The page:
There’s a recipe to seeing farther back in time than ever before.
First: point your telescope at an empty patch of sky, observing for as long as you dare.
Choose a clear line-of-sight: possessing minimal light-blocking material.
Use a space-based telescope, avoiding Earth’s absorptive, distorting atmosphere.
And observe at long wavelengths, compensating for cosmic redshift.
Before JWST, the Hubble eXtreme Deep Field recorded our deepest views.
With 23 days of multi-wavelength observations, it unveiled unprecedented riches.
Seeing ~5,500 galaxies in just 1/32,000,000th of the sky, it revealed galaxies ~400 million years post-Big Bang.
But JWST is larger, sharper, and reaches much longer wavelengths.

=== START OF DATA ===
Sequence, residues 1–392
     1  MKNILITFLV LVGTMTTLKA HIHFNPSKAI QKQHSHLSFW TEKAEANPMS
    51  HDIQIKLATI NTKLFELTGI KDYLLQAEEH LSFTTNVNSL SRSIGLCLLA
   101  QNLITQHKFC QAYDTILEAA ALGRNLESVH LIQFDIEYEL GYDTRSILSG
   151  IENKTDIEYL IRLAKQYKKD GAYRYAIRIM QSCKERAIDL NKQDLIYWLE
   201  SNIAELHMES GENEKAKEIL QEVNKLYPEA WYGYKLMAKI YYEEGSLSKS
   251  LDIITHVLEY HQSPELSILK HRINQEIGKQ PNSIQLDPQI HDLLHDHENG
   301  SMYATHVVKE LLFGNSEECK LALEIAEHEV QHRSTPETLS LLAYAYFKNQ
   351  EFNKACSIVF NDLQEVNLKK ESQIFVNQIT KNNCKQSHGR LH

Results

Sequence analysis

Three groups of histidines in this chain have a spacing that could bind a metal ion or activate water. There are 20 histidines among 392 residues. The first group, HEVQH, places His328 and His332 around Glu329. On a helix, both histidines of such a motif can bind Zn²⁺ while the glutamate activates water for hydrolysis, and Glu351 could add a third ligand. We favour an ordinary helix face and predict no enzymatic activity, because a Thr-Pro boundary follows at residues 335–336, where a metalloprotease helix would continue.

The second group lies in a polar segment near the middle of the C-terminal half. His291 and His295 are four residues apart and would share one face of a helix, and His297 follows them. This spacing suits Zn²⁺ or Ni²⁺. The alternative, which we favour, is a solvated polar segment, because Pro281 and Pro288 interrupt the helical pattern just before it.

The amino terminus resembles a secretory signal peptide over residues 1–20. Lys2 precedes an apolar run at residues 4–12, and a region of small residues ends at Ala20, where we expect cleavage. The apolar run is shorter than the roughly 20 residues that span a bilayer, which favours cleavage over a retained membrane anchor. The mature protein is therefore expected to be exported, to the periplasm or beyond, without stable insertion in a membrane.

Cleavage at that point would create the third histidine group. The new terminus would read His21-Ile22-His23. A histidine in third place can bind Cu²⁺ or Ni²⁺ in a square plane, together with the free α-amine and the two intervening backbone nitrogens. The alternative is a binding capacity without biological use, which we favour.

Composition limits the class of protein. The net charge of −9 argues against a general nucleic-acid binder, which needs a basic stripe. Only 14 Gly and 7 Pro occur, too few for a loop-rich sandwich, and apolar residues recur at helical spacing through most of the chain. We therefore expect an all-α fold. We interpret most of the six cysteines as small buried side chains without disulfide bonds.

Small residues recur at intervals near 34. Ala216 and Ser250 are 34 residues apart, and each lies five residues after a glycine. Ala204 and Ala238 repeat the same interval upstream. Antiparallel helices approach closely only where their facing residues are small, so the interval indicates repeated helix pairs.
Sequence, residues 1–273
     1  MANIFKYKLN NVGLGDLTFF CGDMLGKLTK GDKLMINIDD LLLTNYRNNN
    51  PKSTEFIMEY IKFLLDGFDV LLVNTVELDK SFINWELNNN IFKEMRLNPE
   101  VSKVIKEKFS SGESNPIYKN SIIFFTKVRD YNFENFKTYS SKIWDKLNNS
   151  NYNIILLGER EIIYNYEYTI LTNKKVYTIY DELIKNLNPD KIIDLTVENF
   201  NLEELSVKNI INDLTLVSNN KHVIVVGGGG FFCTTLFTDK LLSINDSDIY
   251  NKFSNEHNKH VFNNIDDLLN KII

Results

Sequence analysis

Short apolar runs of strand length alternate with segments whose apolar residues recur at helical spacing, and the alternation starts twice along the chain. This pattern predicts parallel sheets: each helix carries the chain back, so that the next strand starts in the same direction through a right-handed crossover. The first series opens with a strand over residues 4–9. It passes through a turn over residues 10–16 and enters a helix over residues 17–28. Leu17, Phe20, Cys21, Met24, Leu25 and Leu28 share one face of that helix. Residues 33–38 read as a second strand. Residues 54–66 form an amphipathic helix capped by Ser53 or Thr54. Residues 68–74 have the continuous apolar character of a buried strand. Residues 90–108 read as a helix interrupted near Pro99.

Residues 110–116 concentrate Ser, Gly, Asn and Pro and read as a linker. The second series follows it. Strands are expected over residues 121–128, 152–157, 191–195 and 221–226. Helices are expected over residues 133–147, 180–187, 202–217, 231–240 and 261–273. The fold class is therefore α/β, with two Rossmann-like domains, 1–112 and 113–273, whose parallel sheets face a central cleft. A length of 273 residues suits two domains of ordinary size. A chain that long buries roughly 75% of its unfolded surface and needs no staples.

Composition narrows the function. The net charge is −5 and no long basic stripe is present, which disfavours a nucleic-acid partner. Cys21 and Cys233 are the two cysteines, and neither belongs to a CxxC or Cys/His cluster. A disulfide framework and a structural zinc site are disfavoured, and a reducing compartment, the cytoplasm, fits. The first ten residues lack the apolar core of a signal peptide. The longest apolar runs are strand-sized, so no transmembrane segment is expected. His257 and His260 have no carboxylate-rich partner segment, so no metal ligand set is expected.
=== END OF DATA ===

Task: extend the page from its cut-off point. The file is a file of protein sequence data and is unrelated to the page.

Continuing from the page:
With only 20 hours of observing time in the same field-of-view, it’s already revealed what Hubble can’t.
Ionized galactic gas shines bright in JWST’s infrared views.
Foreground stars are resolvable into binaries.
But most remarkable are objects visible to JWST, but unseen by Hubble.
All across this high-resolution JWST deep-field, new objects emerge.
Some are faint, dusty foreground objects.
But others will be ultra-distant galaxies: well beyond Hubble’s limited vision.
JWST’s sharper, longer-wavelength views are revealing the deepest objects of all-time.
Spectroscopic studies, upcoming, will shatter even JWST’s current cosmic record.
Mostly Mute Monday tells an astronomical story in images, visuals, and no more than 200 words. Talk less; smile more.